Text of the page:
CHWP B.15 Merrilees, "Medieval Dictionary Entry"

3. Hugutio of Pisa and Johannes Balbus of Genoa

The next two great lexicographers in the medieval chain are Hugutio of Pisa (12th c.), author of the Magnæ Derivationes, and Johannes Balbus of Genoa (13th c.), author of the Catholicon, the first the principal source for the second. Both works take some content and methods from Papias.[4]

The grand principle of organisation for Hugutio is, as the name of his text implies, the linking of words derivationally, a methodology that has the very obvious result of increasing the use of derivational connectors such as inde, unde, prepositions ab and ex. These usually occur in the post-definitional position and lead to the introduction of a new subheadword. Along with the derivational connectors there is also an increase in the frequency of the definitional connector .i. (id est), used post-lemmatically, in most cases after the derived subheadword. Overall there is an increase, compared to Papias, in the provision of information concerning derivation and composition, although Papias shows examples in both PL and PD positions. The derivational emphasis is carried over to Balbus who introduces a greater degree of alphabetization than Hugutio while preserving many of the derivational links.[5]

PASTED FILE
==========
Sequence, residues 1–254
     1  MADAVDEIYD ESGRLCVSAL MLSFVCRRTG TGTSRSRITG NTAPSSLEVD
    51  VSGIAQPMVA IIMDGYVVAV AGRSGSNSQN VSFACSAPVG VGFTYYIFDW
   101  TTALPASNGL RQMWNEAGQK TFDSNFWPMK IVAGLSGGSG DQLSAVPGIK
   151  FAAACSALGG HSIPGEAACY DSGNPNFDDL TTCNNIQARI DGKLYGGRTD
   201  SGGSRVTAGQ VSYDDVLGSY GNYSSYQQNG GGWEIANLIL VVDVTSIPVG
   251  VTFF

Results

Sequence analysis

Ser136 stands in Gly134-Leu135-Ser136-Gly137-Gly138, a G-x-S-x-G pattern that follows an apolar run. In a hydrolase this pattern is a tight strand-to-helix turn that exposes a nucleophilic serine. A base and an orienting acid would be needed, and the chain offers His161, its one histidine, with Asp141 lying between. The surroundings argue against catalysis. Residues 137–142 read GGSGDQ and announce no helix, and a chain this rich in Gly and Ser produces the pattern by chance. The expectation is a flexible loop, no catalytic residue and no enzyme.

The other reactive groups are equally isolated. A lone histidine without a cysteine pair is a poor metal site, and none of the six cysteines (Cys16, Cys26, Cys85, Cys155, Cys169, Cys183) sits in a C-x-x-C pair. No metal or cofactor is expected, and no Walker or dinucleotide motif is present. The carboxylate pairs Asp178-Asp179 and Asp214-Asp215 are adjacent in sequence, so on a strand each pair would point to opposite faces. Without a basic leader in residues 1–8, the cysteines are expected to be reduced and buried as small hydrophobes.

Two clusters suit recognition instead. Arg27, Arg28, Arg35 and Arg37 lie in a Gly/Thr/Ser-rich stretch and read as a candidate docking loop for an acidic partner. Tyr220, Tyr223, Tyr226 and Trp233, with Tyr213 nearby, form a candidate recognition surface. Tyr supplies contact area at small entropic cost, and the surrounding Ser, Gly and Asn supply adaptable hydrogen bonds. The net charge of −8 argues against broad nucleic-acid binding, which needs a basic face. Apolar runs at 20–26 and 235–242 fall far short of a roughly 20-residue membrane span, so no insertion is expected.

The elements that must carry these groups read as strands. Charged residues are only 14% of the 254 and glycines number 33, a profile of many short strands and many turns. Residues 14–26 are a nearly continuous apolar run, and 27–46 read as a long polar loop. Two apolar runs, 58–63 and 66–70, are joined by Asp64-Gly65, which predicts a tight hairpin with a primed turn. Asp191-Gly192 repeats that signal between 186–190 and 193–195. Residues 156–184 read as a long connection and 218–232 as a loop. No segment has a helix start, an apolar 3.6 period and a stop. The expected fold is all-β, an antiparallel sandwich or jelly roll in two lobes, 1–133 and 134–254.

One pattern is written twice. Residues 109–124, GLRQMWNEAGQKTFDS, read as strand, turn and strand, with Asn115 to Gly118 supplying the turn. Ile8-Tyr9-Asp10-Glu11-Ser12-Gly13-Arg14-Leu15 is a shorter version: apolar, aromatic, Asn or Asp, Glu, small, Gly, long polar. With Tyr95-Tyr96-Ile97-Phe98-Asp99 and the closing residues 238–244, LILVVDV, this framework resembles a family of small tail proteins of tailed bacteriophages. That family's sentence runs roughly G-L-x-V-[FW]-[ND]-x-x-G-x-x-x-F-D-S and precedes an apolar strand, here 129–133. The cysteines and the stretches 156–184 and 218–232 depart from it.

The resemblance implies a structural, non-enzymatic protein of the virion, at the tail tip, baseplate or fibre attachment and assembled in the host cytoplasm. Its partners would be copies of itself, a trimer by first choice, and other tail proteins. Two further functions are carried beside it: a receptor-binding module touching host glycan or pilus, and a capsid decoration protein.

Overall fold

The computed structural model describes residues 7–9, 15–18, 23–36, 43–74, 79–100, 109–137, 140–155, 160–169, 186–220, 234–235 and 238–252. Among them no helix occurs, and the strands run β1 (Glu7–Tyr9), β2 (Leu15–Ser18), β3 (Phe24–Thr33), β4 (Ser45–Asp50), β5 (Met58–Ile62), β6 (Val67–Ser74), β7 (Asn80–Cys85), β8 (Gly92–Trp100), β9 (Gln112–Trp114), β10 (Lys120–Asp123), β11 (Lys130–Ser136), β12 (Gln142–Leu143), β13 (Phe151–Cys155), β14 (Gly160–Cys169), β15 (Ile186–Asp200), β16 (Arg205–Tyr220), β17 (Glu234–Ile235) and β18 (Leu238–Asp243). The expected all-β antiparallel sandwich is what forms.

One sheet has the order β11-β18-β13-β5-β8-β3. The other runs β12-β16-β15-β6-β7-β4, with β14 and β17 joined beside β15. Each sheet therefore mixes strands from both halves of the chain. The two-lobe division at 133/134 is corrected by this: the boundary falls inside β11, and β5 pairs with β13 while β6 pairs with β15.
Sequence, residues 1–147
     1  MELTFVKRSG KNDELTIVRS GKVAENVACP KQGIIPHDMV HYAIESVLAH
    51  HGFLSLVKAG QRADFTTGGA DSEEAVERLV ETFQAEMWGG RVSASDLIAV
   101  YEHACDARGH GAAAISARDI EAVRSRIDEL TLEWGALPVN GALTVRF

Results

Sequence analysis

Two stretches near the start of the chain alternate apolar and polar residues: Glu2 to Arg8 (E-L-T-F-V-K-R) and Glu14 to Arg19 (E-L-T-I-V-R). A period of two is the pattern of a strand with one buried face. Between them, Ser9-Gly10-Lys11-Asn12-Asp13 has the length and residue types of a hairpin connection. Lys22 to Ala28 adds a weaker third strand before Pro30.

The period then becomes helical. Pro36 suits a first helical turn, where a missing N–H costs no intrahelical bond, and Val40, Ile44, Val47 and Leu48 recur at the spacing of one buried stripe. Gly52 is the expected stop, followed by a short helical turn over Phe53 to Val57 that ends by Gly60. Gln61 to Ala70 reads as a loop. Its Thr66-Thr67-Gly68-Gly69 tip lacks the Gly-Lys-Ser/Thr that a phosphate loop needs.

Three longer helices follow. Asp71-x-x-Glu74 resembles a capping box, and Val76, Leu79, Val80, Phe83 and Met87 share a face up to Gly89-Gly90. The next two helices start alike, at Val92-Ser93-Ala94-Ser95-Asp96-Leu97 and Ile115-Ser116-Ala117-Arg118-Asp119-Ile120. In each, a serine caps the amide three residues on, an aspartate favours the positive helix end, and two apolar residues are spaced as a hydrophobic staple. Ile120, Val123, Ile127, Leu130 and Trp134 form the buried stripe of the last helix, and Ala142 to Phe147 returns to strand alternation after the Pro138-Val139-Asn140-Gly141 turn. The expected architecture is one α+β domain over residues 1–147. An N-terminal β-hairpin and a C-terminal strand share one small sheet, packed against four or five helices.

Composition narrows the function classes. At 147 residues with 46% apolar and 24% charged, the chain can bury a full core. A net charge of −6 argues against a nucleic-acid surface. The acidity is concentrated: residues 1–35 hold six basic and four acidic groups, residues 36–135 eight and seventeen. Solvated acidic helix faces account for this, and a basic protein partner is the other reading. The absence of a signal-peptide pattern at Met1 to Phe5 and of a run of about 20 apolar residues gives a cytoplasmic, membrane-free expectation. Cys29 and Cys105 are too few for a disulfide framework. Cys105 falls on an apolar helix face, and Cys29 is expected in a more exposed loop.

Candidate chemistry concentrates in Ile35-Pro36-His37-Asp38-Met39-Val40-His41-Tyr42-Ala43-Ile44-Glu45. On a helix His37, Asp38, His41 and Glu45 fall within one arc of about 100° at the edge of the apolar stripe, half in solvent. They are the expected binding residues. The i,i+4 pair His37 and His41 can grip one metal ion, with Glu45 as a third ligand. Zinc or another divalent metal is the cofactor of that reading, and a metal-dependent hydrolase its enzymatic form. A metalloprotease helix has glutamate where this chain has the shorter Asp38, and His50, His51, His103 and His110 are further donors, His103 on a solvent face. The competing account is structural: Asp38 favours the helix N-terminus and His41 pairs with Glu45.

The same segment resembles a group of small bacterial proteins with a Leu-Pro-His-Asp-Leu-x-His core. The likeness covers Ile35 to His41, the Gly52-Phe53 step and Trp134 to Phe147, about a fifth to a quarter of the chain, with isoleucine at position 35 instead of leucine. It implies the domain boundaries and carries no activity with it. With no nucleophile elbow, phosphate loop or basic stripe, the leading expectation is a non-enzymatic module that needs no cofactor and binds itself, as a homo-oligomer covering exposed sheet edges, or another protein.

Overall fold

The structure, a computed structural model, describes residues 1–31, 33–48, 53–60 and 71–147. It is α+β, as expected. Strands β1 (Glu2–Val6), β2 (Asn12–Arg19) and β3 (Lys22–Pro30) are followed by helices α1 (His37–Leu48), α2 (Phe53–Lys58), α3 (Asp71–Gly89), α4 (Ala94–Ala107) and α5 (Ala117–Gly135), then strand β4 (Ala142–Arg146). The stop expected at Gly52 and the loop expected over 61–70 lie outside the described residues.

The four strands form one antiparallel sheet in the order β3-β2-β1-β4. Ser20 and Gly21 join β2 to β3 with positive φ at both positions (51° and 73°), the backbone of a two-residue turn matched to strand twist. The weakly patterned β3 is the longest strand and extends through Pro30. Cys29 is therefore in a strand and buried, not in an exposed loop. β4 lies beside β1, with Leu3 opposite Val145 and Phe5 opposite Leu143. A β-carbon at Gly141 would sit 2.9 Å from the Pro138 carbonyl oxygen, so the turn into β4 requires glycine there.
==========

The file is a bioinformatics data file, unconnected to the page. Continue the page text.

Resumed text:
Despite the more discursive nature of their two texts, Hugutio and Balbus use the same positions as we have noted for Papias, except the marginal, and for very similar kinds of information. Balbus, as we note in this example, uses the post-lemmatic position in particular for etymological information, while in Hugutio these links are more often conveyed by unde in the post-definitional position. What is less frequent in both is the simple juxtaposition of headword + definition, the L + D structure that was so prevalent in Papias. The discursive nature of the organisation of these texts renders them less easily divisible into fields and I have not attempted yet to analyse them along the lines of the Papias material.

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[4] The texts used for this analysis were Hugutio 1925 and Balbus 1971.

[5] In the following excerpts the relevant metalanguage is enclosed within braces.